This is something that I struggle with myself. As a librarian, I constantly talk about teaching information literacy skills and in my head, these are the skills of research which include supporting the research process through:-
knowing and understanding how to use the school library
how to create a question so you know what you are looking for
how to access and use academic online resources and internet searching
evaluating your resources
creating a product to share your findings be it a presentation, essay or poster etc
The new definition from CILIP also describes what we do although rather more broadly.
“Information literacy is the ability to think critically and make balanced judgements about any information we find and use. It empowers us as citizens to develop informed views and to engage fully with society.”
I suppose my question is this:-
Do others see information literacy differently in this model of inquiry?
Is information literacy really only the research bit and the parts that lead up and from it the wider inquiry? Or are we talking about information literacy and the inquiry process one and the same?
Or should we take information literacy out of this process and leave it in the library world and decide that it is not required in the school library and education environment.
This is a very impotant distinction that we absolutley have to get right, and one that I have been wrestling with since my journey from a framework of information literacy skills to a framework of inquiry skills first began.
At the level of definition (see Glossary), inquiry is an approach to learning, and by extension teaching, that aims at students increasing their understanding.
By contrast, information literacy appears to be central to a number of literacies, such as digital literacy, that enable inquiry.
From my perspective, the distinction between inquiry and information literacy is very important because inquiry is an approach to learning. Teachers are under a lot of pressure to deliver their own subjects and may feel (often correctly) judged on how their students’ understanding of their subject has increased during their course. This means that when we talk about information literacy it is often seen as ‘our’ subject as librarians – and for classroom teachers may fall into the ‘nice but not essential’ category. Which is why it often gets squeezed into the ‘something fun to do after exams’ slot, for example, and why we sometimes feel we are needing to beg for bits and pieces of time here and there to deliver ‘our’ subject.
Inquiry is not information literacy under another name, it is genuinely a different way of teaching, with intellectual curiosity at its heart and the construction of new understanding as its goal. Of course, information literacy skills are fundamental to this, but because the focus is firmly on developing (subject specific) understanding, the teacher and librarian are now working together, using their different skill sets, to achieve the same goal – we aren’t using access to our resources as a bargaining chip to buy a bit of time to teach information literacy (which may be a caricature, but that is how it felt sometimes!).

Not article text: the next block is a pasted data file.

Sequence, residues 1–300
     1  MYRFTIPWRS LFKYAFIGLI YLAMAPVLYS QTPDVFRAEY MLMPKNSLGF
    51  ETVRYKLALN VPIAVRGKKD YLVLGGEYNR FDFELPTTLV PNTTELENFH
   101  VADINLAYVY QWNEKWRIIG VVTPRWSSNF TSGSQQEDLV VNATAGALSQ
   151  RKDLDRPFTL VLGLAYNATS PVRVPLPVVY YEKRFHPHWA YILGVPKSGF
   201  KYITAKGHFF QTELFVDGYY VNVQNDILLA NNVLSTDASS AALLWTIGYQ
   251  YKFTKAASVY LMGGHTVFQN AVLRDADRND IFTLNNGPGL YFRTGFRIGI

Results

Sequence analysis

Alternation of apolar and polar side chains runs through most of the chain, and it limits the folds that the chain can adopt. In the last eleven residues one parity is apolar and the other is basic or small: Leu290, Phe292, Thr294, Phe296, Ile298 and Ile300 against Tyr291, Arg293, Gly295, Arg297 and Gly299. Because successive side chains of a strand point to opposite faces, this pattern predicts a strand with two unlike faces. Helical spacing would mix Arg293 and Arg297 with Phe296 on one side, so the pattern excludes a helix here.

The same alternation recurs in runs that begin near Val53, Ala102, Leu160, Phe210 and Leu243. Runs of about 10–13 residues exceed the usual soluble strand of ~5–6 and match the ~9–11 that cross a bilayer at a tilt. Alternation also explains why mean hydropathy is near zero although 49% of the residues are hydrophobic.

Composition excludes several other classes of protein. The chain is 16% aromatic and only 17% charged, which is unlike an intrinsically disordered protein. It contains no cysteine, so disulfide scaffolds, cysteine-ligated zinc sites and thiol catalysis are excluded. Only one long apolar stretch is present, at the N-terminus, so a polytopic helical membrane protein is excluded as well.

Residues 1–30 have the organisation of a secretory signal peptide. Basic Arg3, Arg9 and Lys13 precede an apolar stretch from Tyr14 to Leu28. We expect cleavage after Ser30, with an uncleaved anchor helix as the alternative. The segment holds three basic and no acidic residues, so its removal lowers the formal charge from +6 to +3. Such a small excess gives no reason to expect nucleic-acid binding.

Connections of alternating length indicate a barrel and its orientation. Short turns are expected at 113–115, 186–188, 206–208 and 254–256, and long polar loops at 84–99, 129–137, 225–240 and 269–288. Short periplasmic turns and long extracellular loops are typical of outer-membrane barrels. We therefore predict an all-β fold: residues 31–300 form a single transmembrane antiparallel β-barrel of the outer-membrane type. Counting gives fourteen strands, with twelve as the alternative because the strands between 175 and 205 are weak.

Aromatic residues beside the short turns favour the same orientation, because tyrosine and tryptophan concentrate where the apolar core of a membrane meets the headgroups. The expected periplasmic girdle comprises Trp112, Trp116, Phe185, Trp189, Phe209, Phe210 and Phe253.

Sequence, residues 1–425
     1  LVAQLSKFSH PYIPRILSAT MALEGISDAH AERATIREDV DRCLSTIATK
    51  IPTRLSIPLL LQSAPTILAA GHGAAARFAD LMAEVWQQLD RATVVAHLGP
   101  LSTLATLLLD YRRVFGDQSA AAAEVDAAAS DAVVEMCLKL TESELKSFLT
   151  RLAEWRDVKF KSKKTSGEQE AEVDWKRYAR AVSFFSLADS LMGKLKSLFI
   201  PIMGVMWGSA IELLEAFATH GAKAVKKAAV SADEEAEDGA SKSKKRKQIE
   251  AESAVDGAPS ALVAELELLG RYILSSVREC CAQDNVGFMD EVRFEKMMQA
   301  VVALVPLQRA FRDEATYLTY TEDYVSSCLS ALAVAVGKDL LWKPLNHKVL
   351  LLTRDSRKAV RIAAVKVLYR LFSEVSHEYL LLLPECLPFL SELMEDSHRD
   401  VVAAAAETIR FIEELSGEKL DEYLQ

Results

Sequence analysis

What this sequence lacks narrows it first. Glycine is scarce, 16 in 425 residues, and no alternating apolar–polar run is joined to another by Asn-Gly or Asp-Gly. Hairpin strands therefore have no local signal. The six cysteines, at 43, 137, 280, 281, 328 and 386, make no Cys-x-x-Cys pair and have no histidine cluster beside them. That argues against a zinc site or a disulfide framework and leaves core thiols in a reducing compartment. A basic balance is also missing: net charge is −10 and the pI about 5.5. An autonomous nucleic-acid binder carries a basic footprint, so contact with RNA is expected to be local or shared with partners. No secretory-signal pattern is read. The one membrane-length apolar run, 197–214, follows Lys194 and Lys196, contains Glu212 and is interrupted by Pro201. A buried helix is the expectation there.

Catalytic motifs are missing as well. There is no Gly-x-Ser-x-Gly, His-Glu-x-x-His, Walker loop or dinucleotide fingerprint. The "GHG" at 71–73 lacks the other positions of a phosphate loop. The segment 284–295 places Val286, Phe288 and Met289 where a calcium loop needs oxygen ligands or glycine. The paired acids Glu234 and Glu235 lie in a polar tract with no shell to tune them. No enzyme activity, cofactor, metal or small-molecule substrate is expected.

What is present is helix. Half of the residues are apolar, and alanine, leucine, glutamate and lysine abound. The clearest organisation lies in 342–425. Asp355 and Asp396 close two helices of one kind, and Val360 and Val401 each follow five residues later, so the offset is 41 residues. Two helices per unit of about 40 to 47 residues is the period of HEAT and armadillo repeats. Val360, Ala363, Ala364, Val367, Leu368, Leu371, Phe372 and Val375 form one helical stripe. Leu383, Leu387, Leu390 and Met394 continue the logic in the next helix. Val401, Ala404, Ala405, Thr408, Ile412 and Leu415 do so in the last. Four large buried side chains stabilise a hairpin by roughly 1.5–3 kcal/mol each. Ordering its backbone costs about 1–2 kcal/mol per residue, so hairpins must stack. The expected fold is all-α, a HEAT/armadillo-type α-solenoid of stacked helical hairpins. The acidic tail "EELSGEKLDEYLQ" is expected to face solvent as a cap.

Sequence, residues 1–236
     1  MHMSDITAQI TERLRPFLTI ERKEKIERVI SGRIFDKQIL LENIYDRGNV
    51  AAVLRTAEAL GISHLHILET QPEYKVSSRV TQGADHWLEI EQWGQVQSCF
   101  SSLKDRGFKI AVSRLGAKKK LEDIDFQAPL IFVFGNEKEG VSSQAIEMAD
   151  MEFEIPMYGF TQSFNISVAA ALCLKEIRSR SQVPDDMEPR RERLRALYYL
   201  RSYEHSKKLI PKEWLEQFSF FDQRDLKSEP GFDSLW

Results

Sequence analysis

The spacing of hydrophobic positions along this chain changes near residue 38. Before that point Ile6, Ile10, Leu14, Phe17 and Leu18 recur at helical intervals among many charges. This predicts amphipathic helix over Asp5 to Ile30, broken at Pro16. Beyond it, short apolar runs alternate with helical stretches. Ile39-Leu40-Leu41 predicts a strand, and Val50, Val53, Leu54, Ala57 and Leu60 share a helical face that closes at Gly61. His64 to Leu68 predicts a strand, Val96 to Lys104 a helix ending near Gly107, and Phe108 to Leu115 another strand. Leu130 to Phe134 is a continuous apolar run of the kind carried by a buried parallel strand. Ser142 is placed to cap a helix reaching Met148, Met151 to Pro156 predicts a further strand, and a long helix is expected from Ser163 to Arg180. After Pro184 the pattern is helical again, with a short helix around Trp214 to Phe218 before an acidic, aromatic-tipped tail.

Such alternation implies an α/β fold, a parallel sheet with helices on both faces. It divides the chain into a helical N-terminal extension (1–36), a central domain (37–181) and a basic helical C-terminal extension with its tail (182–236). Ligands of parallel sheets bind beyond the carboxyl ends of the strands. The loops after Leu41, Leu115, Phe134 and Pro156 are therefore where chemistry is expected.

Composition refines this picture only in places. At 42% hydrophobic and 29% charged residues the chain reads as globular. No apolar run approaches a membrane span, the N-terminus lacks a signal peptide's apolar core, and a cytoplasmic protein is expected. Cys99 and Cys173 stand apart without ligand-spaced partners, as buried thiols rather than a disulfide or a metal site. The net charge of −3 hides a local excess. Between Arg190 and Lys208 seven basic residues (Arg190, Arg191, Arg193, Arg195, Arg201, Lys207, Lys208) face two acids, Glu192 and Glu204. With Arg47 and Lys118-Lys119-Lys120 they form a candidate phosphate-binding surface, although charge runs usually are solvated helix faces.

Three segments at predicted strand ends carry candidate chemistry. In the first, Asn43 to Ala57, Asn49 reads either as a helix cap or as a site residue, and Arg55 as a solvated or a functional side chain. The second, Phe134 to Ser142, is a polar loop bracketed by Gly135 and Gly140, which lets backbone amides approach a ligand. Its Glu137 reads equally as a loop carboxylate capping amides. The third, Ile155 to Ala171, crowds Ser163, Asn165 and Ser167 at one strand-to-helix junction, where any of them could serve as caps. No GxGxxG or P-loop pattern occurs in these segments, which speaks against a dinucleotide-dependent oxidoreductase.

As an example, have a look at the topic in the Inquiry and Resource Design Forum on Essay Planners. Joe recognised the value of FOSIL as a mind-set and asked for my help to use it to help his A-Level Politics students plan their essays more effectively – no ‘research’ or resources involved at all, but definitely a fruitful teacher-librarian collaboration and an excellent use of the cycle of inquiry as a tool for thinking with. I don’t believe this would have happened if we had still been talking about and focussed on information literacy.
Librarians are information literacy experts – and that remains a vital part of the process – but we need to become experts in inquiry more broadly too if we want realise our true potential and step up to take our place as co-educators alongside our classroom colleagues.
Thanks for your great explanation Jenny! Are we are saying that the inquiry process (FOSIL) is what brings the teacher and librarian together whilst our areas of expertise are ‘knowledge’ of the subject for the teachers and ‘information literacy’ for the school librarian are still essential?
I can see very clearly how at A’Level a librarians role is important as the students are thinking of their outcome, which is their essay. I have found that lower down the school there seems to be less thought on the final outcome especially in primary school. I have to add here that this is more on observation rather than any great knowledge or conversations. How do we begin the conversation with teachers about being in the classroom to support the Connect and Wonder stage? I tend to find that I am in the classroom to help with the ‘finding’ the information part although I have managed to do a few ‘how to create a good question’ lessons but like you say Jenny I do feel like I am being parachuted in to tick a box. Although this particular box was not really thought about until I mentioned it.
Teachers always seem to need to rush onto the next topic to fit everything in. Has anyone got any suggestions on how we approach these conversations.